Going back West had been a strong desire for quite some time. Many others make that part of the United States their summer destination as well. People from a great number of countries from around the world. Some of the National Parks are their aim, fewer are the National Monuments, and fewer yet those whose access is limited by unpaved roads. It is an experience I had in the last century, and now I can see why I may repeat it next year.
As I show in a photograph entitled “Entry,” one has to find his way in, but more than that has to find a way to let it all in, to give it the recognition it is due, to be ready to commune with some of the origins of all things earthly.
Those locales are rugged places to say the least, dangerous in some instances, and certainly risky when one is not careful as to where he walks, runs, or drives. But as “Charm” reminds us, this is not about the small details which may arise a sense of fear in us, it is about the overall image we can get and that is one which is overwhelmingly endearing.
Settling in of course would be a challenge, a great one at that, for those who first decided to live in those unforgiving territories. One may feel a sense of isolation as we see in “Alone,” yet in our day and age there is a great sense of comfort to be felt in the safety that nature offers.
But those are not just tourist attractions, not just backgrounds against which one may snap a few selfies, they are home to the many who, by choice, and sometimes not, have found that there is no other place for them. In “Hoping,” we are reminded that the rains do come in those desert lands, and that life does sprout from the most unlikely soils.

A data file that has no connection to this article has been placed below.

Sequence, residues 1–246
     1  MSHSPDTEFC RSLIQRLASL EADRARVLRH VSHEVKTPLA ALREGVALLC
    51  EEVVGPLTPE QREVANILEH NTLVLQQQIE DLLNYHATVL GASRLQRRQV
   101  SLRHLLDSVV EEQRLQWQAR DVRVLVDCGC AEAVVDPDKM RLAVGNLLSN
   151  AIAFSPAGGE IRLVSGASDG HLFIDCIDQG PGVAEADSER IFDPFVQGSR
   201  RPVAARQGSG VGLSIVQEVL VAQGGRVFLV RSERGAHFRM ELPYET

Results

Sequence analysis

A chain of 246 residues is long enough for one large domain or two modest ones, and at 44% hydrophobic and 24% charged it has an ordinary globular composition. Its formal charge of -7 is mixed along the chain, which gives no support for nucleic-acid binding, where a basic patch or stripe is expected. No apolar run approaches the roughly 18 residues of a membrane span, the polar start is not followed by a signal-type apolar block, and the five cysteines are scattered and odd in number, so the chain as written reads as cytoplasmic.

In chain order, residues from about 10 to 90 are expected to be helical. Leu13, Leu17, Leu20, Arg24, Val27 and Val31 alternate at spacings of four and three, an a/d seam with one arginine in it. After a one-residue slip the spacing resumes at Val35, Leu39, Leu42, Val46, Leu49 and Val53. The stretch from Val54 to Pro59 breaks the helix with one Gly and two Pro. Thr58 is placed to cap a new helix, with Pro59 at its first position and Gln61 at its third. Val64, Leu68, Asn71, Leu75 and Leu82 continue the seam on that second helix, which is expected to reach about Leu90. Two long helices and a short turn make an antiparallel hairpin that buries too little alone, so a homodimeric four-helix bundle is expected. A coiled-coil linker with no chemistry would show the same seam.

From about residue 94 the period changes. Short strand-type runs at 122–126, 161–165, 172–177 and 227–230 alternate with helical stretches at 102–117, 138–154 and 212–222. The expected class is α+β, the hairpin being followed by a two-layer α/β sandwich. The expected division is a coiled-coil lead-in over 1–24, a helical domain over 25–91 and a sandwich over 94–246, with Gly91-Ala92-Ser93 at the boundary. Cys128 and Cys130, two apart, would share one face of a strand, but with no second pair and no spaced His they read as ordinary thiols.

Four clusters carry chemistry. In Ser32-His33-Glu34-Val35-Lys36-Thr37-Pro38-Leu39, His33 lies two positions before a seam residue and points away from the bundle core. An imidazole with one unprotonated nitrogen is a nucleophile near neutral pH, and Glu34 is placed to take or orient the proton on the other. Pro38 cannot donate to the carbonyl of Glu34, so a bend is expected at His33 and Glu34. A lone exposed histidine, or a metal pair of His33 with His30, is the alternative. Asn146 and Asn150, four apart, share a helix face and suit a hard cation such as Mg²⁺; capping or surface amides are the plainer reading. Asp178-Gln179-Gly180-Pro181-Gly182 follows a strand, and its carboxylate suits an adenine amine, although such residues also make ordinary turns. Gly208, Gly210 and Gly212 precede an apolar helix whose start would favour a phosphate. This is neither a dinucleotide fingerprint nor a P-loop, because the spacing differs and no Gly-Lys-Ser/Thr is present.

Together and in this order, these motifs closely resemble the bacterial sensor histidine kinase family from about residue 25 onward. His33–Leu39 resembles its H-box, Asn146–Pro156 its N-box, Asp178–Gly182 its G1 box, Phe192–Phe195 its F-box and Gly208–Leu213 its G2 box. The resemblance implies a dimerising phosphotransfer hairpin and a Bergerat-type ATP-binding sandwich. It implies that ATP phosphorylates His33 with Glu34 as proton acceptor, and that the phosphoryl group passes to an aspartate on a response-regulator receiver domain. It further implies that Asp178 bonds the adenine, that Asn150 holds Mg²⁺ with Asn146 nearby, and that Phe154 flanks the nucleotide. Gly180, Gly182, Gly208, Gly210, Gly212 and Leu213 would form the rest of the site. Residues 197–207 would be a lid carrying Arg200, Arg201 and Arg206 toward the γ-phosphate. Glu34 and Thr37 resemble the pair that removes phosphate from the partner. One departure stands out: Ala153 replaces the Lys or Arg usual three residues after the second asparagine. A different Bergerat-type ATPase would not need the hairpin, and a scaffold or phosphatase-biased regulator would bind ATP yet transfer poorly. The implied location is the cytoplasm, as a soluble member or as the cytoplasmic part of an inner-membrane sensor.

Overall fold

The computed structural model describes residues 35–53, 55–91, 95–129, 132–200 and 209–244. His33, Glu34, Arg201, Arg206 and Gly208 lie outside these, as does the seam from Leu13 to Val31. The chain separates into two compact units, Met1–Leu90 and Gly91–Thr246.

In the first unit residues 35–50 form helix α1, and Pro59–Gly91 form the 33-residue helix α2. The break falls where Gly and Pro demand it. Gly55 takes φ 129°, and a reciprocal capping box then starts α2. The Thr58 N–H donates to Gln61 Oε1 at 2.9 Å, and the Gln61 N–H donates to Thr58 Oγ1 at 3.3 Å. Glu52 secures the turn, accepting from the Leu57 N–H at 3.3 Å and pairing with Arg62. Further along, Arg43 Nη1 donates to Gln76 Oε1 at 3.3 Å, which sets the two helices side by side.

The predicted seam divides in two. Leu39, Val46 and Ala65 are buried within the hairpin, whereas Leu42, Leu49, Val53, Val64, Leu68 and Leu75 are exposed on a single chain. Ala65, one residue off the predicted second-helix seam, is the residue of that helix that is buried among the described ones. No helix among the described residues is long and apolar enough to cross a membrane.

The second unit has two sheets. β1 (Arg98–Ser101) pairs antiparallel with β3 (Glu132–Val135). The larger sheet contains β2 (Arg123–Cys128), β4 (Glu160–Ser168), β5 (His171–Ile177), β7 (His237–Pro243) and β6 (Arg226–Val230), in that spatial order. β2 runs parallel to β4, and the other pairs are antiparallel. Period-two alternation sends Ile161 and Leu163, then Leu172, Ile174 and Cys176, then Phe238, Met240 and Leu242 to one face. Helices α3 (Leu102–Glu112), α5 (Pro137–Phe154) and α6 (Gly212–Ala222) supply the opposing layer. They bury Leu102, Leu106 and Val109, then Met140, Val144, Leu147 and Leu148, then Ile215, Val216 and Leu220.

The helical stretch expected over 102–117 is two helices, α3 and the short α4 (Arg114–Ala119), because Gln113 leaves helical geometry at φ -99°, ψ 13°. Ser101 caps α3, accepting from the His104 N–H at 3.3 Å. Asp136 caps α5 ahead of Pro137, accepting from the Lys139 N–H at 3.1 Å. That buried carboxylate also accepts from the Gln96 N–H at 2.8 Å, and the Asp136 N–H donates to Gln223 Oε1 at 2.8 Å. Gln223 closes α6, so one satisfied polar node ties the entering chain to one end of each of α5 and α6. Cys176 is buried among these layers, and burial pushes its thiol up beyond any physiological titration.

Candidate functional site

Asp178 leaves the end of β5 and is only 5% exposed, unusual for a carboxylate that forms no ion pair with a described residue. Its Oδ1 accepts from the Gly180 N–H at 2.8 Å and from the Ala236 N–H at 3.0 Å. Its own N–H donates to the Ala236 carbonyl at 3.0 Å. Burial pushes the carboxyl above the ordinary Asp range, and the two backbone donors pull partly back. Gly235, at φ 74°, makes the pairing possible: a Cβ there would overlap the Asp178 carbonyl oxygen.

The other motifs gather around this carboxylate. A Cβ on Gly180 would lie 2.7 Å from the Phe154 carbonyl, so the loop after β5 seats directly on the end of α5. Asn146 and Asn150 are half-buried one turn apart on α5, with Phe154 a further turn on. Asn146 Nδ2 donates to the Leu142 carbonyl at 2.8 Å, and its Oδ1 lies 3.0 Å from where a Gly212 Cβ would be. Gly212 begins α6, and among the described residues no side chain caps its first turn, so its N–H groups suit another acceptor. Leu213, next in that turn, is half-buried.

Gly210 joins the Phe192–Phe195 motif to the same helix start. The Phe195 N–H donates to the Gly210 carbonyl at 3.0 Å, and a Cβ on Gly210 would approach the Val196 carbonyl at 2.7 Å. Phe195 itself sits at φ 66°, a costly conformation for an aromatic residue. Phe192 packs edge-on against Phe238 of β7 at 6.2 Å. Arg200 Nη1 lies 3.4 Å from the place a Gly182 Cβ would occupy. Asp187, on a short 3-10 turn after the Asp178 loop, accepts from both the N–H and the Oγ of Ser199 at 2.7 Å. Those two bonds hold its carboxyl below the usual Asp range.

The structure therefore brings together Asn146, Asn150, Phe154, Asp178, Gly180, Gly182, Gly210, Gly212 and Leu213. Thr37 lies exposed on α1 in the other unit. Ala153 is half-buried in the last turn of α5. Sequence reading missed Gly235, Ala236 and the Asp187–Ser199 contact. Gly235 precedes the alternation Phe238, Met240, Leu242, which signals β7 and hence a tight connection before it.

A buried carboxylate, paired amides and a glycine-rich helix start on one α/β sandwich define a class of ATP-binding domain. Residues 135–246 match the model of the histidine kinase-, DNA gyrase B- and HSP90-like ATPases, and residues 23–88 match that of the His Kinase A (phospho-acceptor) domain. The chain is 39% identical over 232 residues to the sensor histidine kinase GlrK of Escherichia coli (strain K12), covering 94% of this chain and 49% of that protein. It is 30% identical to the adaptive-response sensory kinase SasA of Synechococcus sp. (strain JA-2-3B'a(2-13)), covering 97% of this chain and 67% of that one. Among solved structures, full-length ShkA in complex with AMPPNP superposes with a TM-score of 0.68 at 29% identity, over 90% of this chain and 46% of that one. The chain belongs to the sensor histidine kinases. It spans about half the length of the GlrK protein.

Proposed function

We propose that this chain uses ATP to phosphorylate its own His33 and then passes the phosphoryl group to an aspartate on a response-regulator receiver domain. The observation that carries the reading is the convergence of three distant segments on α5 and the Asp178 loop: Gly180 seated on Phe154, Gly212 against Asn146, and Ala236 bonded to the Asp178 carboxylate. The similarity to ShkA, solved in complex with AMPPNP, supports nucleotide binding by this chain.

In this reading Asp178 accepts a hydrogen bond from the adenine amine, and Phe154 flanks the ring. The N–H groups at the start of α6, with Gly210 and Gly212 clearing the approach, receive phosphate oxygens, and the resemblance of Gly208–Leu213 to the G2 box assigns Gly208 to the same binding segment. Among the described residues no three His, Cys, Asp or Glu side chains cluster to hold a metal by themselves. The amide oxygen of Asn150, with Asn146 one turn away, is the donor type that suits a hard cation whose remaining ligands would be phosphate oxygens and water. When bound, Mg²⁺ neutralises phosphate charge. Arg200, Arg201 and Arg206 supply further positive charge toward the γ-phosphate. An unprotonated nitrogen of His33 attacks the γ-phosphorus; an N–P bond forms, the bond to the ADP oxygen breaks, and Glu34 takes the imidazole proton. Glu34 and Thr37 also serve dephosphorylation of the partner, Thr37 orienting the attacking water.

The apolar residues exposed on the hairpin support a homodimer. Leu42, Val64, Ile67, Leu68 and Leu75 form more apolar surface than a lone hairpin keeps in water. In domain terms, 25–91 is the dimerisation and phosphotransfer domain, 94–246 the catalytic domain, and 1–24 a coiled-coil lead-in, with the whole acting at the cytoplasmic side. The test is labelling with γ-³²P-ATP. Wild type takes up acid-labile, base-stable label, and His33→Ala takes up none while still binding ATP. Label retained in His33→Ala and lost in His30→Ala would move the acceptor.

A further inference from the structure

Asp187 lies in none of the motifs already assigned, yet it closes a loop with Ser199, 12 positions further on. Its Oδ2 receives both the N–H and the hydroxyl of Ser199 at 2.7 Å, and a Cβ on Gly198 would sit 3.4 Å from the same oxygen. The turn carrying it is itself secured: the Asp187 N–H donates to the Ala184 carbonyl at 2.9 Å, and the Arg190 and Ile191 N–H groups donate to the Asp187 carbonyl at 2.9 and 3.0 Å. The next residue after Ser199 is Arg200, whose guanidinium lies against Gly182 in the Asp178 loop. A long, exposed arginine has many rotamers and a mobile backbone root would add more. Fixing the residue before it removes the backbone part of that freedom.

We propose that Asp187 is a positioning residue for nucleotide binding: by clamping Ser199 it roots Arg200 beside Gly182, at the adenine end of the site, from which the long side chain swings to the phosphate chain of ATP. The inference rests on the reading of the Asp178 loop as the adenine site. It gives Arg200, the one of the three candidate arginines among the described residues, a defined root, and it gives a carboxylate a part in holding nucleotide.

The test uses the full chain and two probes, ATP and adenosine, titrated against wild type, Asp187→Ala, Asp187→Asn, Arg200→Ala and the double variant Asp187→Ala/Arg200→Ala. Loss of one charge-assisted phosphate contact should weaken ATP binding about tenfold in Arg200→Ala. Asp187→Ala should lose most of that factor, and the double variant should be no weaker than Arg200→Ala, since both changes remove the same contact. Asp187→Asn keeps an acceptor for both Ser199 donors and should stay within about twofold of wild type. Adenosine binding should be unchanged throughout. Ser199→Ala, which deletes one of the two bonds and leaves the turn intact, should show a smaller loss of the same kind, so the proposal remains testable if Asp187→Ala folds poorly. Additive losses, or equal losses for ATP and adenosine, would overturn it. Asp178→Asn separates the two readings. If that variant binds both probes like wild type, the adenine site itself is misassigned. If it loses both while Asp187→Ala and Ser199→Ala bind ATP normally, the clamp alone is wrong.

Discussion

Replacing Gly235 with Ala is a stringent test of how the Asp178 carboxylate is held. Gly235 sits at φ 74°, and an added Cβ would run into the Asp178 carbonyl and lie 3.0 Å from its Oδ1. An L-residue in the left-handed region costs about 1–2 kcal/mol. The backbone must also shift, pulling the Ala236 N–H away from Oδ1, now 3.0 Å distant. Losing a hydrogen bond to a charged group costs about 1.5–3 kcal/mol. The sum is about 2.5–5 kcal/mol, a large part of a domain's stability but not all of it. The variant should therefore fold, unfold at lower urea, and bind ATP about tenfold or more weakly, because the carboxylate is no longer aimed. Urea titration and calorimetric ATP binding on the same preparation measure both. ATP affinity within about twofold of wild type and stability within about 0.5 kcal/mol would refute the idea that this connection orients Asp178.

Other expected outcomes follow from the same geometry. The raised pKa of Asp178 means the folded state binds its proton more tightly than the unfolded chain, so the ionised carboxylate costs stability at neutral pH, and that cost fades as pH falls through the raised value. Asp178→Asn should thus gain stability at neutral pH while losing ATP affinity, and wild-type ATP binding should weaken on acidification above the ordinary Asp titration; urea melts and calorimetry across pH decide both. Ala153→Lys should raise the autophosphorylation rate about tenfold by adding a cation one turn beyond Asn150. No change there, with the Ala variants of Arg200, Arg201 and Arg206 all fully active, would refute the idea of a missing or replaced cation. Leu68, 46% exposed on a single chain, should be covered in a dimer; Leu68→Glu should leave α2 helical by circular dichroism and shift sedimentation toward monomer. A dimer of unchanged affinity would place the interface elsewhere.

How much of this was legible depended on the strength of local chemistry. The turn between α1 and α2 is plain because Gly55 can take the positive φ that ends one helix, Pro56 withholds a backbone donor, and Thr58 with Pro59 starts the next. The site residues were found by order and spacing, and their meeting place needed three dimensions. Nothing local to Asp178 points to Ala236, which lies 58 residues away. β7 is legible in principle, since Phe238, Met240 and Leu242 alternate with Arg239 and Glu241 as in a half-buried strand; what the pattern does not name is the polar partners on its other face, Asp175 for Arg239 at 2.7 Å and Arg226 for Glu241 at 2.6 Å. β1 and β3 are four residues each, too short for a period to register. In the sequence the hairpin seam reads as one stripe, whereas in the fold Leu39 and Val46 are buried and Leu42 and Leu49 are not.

Traveling through the harshest lands in America, and ultimately reaching the higher elevations, one has to be surprised at the “Fertility,” which prevails. Lush plains and meadows where the bears may mingle with the deer and occasionally cattle, make it clear that if life struggles at times, it is in fact always victorious in close proximity to the most difficult climates.
The Earth is a “Monument” in itself, but what I find most amazing is those drastically different scenes coexisting within just a few miles from each other. One may pan the horizon with a gaze and find a completely opposite panorama, either a mountain range, or a perfectly flat plain, and let’s not forget the deepest canyons. The American West is the place for those earthly symbols, monuments to the making of a world.
Finally, as a visitor and lover of the scenery, the experience would not be complete without feeling the moment when night comes, or when daylight returns. These are the themes of “To The Night,” and “Warmth.” The darkness brings many mysteries with it, as unseen lives take over the land, but it also covers the sites in a welcome freshness so all things may rest, and find a new energy for the next day.
‘Warmth” is carried over the mountain tops, into the valleys, accompanied by the sweet dew of morning, and the life of the viewer is too renewed.
To have walked on the paths depicted in these images is to have become part of the scenery, to have one’s memories inscribed in them forever, and to be able to remember them for the emotions they brought about when I was there. No other humans were present in any of the photographs; it was a perfect time of solitude, and it was the ideal moment to commune with the place that sustains us, to look up to the stars, and be humbled by this limitless universe. We owe it our existence, and we must, from time to time, make a pilgrimage to at least say hello to this dearest friend.
About the Author & Photographer: Fabrice Poussin
Fabrice Poussin teaches French and English at Shorter University. Author of novels and poetry, his work has appeared in Kestrel, Symposium, The Chimes, and dozens of other magazines.
His photography has been published in The Front Porch Review, the San Pedro River Review and more than 250 other publications.